The Black Queen of Cuisine The round, ripe, aromatic Périgord truffle, Tuber melanosporum, is pure truffle royalty. MY FIRST TRUFFLE was in the Dordogne, Périgord of yore, the heart of gastronomie. It was a soft summer dusk. We were dining on the perched terrace of our hotel, a 14thcentury chateau. The kitchen could have served us boiled newts and we would have loved it. The dish was whole black truffle in puff pastry, and it was almost the cost of a mortgage payment. As we cut into the pastry, a gust of truffle hit us smack in the chops—dizzyingly aromatic, musky, sweet. And gilding his gastronomic lily, the chef had set the truffle on a slice of foie gras. I haven’t eaten anything like it since. This truffle was the real thing, tuber mylanosporum, the round, ripe Périgord truffle known as “the black queen of cuisine.” Truffle royalty, she seizes you by the olfactory lapels and has her way with you. The truffle was a delicacy in Mesopotamia in 1800 B.C. The ancient Egyptians cherished it poached in goose fat. The Romans declared it aphrodisiac, and the association lingers to this day—maybe because the truffle’s musky aroma is caused by the same sex pheromone found in male sweat. In the Middle Ages, the truffle was vanquished as the work of the devil and almost literally stomped out. It staged a comeback in the Renaissance. Louis XIV consumed a pound a day This subterranean fungus materializes around certain oak trees in extremely poor soil. Pigs and boars adore it, but the day of the truffiste—the truffle hunter—roaming the woods with ecstatic swine is long gone. Now dogs, not hogs, root out the prize. In the Dordogne, we went hunting with truffiste Henri Dussolras, whose sidekick was Kiki, a mutt with a Cyrano snout for the good things in life. “Cherche, Kiki, cherche!” shouted Henri as we forged through stands of oak trees. Kiki was more interested in marking his territory. “No pee-pee, Kiki!” cried Henri.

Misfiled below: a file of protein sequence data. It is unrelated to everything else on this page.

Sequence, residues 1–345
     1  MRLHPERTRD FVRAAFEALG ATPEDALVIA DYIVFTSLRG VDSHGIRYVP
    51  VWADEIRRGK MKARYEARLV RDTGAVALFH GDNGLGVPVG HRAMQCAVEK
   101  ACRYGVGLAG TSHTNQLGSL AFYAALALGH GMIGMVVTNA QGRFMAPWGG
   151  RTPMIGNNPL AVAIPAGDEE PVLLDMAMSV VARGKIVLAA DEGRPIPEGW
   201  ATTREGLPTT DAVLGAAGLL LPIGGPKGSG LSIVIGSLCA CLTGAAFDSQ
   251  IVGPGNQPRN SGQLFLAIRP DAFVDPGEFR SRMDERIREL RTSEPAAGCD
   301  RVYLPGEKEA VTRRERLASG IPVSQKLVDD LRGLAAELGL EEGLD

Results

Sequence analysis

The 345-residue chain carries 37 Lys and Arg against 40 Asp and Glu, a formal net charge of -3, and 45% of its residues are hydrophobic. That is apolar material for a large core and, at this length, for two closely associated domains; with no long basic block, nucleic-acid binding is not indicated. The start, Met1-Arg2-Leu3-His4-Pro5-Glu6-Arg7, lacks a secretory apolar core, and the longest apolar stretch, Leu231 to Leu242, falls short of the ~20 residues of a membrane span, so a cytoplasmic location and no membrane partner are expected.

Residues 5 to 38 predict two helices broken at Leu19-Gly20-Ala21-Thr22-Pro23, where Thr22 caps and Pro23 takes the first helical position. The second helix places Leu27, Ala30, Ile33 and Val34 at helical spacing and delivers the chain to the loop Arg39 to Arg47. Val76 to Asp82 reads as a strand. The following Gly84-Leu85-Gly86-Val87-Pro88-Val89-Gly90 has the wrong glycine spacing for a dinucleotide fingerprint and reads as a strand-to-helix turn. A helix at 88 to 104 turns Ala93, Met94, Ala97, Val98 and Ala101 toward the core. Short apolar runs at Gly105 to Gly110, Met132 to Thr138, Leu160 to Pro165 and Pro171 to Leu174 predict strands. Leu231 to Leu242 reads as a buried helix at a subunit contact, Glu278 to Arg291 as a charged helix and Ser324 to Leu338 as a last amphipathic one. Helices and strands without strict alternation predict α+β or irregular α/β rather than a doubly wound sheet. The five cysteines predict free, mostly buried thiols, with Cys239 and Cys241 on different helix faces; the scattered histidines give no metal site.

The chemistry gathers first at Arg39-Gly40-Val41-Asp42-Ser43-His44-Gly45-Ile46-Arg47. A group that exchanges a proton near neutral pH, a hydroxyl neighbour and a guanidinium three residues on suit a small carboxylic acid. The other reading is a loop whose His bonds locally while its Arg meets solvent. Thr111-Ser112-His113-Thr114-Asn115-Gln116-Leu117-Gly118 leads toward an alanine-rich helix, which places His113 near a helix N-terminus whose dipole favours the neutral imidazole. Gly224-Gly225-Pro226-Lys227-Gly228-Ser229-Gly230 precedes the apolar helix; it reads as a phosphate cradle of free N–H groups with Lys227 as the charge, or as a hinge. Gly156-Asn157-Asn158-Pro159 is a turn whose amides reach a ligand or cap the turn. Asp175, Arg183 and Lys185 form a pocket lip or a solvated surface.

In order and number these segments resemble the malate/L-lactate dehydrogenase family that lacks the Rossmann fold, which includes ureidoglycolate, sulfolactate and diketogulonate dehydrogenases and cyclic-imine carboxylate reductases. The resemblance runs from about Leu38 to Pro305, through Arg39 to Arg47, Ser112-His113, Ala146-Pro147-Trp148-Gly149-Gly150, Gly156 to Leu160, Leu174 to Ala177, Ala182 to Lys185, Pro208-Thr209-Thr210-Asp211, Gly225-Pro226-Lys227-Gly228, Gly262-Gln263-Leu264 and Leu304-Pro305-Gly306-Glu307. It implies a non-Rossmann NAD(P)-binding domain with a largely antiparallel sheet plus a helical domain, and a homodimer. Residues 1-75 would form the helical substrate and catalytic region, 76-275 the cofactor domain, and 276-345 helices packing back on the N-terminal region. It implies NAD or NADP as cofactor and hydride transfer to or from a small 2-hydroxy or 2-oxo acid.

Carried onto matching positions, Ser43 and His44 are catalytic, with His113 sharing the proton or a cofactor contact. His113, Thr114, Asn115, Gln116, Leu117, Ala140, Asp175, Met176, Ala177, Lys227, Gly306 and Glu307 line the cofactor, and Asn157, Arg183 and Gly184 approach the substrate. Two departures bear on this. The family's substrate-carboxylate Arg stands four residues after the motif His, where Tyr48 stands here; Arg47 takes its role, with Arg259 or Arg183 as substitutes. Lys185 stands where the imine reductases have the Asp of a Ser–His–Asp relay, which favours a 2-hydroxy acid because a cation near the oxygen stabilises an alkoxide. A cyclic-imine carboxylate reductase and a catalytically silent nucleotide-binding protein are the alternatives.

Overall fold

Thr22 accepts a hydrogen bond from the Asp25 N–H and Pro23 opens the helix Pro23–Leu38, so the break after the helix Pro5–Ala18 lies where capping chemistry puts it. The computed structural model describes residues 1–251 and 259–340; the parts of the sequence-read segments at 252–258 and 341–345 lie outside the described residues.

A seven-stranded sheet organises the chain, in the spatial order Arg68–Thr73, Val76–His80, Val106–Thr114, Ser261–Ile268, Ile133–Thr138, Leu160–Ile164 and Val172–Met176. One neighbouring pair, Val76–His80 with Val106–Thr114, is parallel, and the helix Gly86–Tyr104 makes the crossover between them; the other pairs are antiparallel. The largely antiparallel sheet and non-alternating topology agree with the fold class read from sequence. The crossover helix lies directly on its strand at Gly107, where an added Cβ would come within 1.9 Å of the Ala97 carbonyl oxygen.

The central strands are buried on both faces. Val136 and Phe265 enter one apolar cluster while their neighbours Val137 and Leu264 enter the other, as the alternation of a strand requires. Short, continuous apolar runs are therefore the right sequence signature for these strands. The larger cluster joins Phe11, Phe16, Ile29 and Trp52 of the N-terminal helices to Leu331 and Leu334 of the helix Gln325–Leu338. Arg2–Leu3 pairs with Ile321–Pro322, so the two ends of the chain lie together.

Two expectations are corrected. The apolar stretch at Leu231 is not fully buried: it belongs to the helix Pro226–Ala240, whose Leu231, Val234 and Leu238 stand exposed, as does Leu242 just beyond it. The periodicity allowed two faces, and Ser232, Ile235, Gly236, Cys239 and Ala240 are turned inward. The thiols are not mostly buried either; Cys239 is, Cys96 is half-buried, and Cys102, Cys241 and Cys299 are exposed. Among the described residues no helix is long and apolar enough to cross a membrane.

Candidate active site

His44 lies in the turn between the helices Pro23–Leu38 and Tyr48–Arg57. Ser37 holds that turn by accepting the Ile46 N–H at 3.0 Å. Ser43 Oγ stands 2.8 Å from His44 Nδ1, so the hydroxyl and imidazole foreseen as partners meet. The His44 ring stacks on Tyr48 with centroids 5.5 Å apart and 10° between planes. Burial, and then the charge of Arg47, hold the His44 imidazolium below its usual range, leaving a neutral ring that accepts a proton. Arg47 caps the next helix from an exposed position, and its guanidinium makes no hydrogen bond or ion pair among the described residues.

The dog burrowed his nose into the soil, pointing the way to a large grey-black lump. It was a summer truffle, a black queen lookalike, but vastly milder in aroma and flavour. Kiki didn’t realize he was big business. At $1,000 per pound, the truffle ranks as the most expensive food in the world. Earlier this year, the world’s largest Périgord black truffle, weighing 1.3 kilos, sold for about $2,000. The truffle-laden hamburger at New York’s DB Bistro Moderne sells for a cool $150. But the world supply is on the increase. Dramatic breakthroughs in truffle cultivation are changing the international picture. Eugene, Oregon, hosts an annual Truffle Festival. Vancouver chefs David Hawksworth and Pino Posteraro swear by Australian truffles. New World countries including Canada, New Zealand and Chile have tossed their hats in the ring. And China stands accused of truffle knock-offs, flooding the market with nasty facsimiles, often with bogus French labels. Prices remain stratospheric, but cunning spinoffs are making the celestial sensation accessible to the peasantry. Here in Victoria, Ottavio and Choux Choux Charcuterie offer whole black truffles, truffle slices in oil, truffle salt, truffle paste, truffle butter, truffled cheeses and truffle oil. The oil—truffle-flavoured olive or grapeseed oil that usually contains nary a speck of real truffle—does the trick for pasta sauces, truffled frites and, most amusingly, popcorn. A sprinkle of truffle salt glamorizes everything from fried eggs to potatoes. Truffle paste— truffle mixed with mushrooms—is dandy on toast for breakfast, layered in puff pastry as an app or stirred into sauces. And although the BC Liquor Board doesn’t see fit to give us a shot at it, Black Moth Vodka comes infused with Perigord truffles. My wife Carol lovingly follows a recipe for the signature dish at Truffles, the late restaurant at the Four Seasons Toronto: spaghettini with Perigord black gold and truffle emulsion sauce. She begins by stirring a mixture of truffle paste and truffle oil into hot chicken stock. She folds the mixture into whipped cream. She boils and drains the spaghettini, tosses it with half the sauce and arranges it on a plate. To finish, she drizzles the remaining sauce over the pasta then gilds each plate with chervil and several slices of black truffle. Guests have been known to emulate the host and faint with bliss.